For take-off and landing, the flap position and rudder/aileron/elevator trim bar indicators displayed on the navigation/multifunction displays can be transferred across to the primary display as a composite picture to be directly in front of the pilot, although this drives both screens into composite mode if both are live.

The flap position, fuel contents, rudder/aileron/elevator trim position bar type indicators on the ND/MFD were closely spaced and smaller than I would have liked, but still completely adequate for the role and a typical limitation in such an off-the-shelf system. Although the PC-6 only has a narrow cockpit upper glareshield, the 950 displays are perfectly readable in bright sunshine conditions.

The 550shp (410kW) Pratt & Whitney Canada PT6A-27 engine is quick and simple to start. At 15% NG the condition lever is placed from cut off into low idle. With the engine stable the propeller lever is placed from feather into coarse.

I was ready to taxi less than 45s after start selection. Thereafter, in all flight modes, the aircraft is normally flown single lever, with only the throttle used for thrust control. Only if the pilot wishes to prepare for a possible go-around from a steep approach into critically rising terrain would the propeller lever be set to fine and the condition lever set to high idle.

P&WC PT6A-27 engine, PC-6, ©Pilatus 
The P&WC PT6A-27 engine is quick and simple to start. Picture: Pilatus

During taxi, the forward field of view over the long tapering nose was better than I expected and there is no need normally to weave the aircraft to clear the groundpath. The tailwheel is set to free castor and the mainwheel brakes dabbed as the following castoring tailwheel makes the aircraft very responsive to turn. For take-off and landing the tailwheel is locked central to prevent directional overcontrol (the PC-6 demonstrated crosswind is shown at 16kt/30km/h), but it then requires more determined individual brake applications by the pilot to stay straight if the aircraft swings.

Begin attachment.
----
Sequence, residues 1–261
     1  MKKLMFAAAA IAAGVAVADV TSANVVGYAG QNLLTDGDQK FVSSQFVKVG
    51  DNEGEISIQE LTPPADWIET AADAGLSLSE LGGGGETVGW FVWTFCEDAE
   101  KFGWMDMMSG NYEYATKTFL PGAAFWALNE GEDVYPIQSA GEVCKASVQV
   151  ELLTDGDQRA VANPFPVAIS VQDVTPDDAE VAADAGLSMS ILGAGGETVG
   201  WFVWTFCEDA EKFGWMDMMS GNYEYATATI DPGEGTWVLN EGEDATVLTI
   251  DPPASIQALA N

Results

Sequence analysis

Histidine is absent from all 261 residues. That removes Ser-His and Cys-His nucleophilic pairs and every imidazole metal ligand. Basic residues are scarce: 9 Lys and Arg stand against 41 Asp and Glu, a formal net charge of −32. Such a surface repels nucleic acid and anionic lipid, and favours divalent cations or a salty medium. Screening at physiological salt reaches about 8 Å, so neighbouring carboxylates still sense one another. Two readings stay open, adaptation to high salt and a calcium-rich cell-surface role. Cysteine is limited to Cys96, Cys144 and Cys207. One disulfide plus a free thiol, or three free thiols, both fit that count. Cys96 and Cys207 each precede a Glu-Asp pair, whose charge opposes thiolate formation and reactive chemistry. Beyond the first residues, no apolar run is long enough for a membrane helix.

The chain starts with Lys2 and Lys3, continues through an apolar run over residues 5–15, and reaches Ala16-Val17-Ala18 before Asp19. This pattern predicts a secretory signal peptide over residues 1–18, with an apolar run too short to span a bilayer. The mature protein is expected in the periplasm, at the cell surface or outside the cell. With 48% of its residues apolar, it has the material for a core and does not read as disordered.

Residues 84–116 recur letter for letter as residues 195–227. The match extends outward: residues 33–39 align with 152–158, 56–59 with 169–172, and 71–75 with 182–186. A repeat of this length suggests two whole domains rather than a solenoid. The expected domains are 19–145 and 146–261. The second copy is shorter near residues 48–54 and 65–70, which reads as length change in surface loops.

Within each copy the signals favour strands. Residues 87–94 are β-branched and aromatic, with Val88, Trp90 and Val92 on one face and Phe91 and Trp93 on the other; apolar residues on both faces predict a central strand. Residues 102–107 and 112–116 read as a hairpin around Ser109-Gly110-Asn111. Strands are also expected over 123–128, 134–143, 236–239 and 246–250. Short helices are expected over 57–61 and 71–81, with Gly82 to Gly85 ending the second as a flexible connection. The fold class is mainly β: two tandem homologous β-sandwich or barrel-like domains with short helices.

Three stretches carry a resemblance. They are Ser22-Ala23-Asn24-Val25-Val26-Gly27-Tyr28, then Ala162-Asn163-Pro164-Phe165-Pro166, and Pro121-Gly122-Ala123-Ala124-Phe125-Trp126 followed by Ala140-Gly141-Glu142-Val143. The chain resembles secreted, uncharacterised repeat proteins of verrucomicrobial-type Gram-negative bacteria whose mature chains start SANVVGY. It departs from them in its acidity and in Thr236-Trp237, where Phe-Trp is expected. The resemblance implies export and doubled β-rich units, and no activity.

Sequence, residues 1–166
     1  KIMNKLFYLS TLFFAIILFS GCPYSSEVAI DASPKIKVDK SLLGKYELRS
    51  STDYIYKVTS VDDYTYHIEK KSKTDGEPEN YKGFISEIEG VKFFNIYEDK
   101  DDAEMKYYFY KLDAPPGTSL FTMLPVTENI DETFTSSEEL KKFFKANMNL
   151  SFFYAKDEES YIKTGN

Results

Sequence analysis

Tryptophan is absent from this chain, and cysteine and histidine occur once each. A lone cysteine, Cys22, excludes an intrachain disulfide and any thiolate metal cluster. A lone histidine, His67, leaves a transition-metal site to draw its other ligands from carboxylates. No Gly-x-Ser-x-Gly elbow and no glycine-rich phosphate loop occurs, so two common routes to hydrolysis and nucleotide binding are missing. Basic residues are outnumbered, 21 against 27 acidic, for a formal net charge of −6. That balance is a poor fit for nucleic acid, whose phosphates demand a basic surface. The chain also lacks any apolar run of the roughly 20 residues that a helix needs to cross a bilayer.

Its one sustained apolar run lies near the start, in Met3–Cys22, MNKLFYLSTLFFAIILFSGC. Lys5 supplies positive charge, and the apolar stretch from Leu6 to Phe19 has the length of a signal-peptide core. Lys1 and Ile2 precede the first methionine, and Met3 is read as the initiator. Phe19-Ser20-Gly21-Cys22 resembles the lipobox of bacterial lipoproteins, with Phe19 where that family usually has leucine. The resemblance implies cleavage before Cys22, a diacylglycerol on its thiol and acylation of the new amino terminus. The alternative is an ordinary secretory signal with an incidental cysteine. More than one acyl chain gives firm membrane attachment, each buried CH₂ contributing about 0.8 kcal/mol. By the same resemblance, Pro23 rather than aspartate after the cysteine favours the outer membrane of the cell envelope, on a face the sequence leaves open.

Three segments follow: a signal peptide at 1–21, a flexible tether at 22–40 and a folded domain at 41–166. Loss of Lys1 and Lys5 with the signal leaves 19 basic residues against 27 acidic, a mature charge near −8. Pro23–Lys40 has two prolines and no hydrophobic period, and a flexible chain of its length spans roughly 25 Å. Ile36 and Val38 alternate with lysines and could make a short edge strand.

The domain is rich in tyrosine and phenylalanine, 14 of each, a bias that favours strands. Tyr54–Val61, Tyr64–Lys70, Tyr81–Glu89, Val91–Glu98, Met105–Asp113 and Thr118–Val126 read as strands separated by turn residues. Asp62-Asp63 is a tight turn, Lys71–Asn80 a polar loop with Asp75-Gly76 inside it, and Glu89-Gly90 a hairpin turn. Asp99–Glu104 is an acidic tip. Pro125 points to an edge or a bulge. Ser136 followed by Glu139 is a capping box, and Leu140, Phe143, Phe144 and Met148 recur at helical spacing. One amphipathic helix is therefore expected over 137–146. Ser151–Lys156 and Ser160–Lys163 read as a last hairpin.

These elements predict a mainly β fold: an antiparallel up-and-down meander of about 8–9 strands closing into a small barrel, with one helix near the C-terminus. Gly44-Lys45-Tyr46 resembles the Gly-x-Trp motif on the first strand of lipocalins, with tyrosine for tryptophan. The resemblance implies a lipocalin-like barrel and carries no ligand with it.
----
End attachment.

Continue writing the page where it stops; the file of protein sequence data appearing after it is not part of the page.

For take-off, the control column was held just rearwards from neutral and full power applied and regulated by the pilot with reference to the torque gauge shown on the ND/MFD. There was little swing and, as the power stabilised and the vertical airspeed indicator tape display started to register at an indicated airspeed of around 38kt, we seemed to lift off vertically at 45kt without me having to rotate the aircraft or apply any backstick force. It was the shortest powered aircraft take-off I have ever experienced except for the BAe Harrier.

I found the PC-6 easy, pleasant and accurate to fly. The control forces were light and well harmonised. The aircraft felt nimble in roll with a sustained roll rate of around 60°/s. Strong adverse yaw was exhibited with any large lateral stick input, but this was quickly corrected by the fin.

I did, however, long for an old-fashioned, big, "fluid tube" type slip ball to aid my rudder inputs and supplement the rather small "split pyramid" roll/yaw indicator in the primary display. I found the display easy to interpret and especially liked that the vertical speed tape was in 5kt increments allowing for accurate airspeed monitoring.

This was especially evident at full flap and idle throttle where the aircraft could be held precisely at an indicated airspeed of 80kt in a steep approach at 20-25° nose-down pitch.

 Collins flight tests the PC-6, ©Pilatus
Collins found the PC-6 easy, pleasant and accurate to fly. Picture: Pilatus

I believe the future expected Garmin 950 upgrade, which will display SVS terrain overlay and airstrip orientation directly on to the primary display, will grant the PC-6 pilot another increase in situational awareness.

On the ND/MFD, I found engine and ancillary system monitoring to be clear and straightforward. Standard tasks such as radio or navigation aid frequency selection were routine and, although ND selections are done "cross cockpit" for the pilot (always seated on the left), the cockpit shelf provided an excellent right arm rest when turning rotary knobs or selecting menu keys.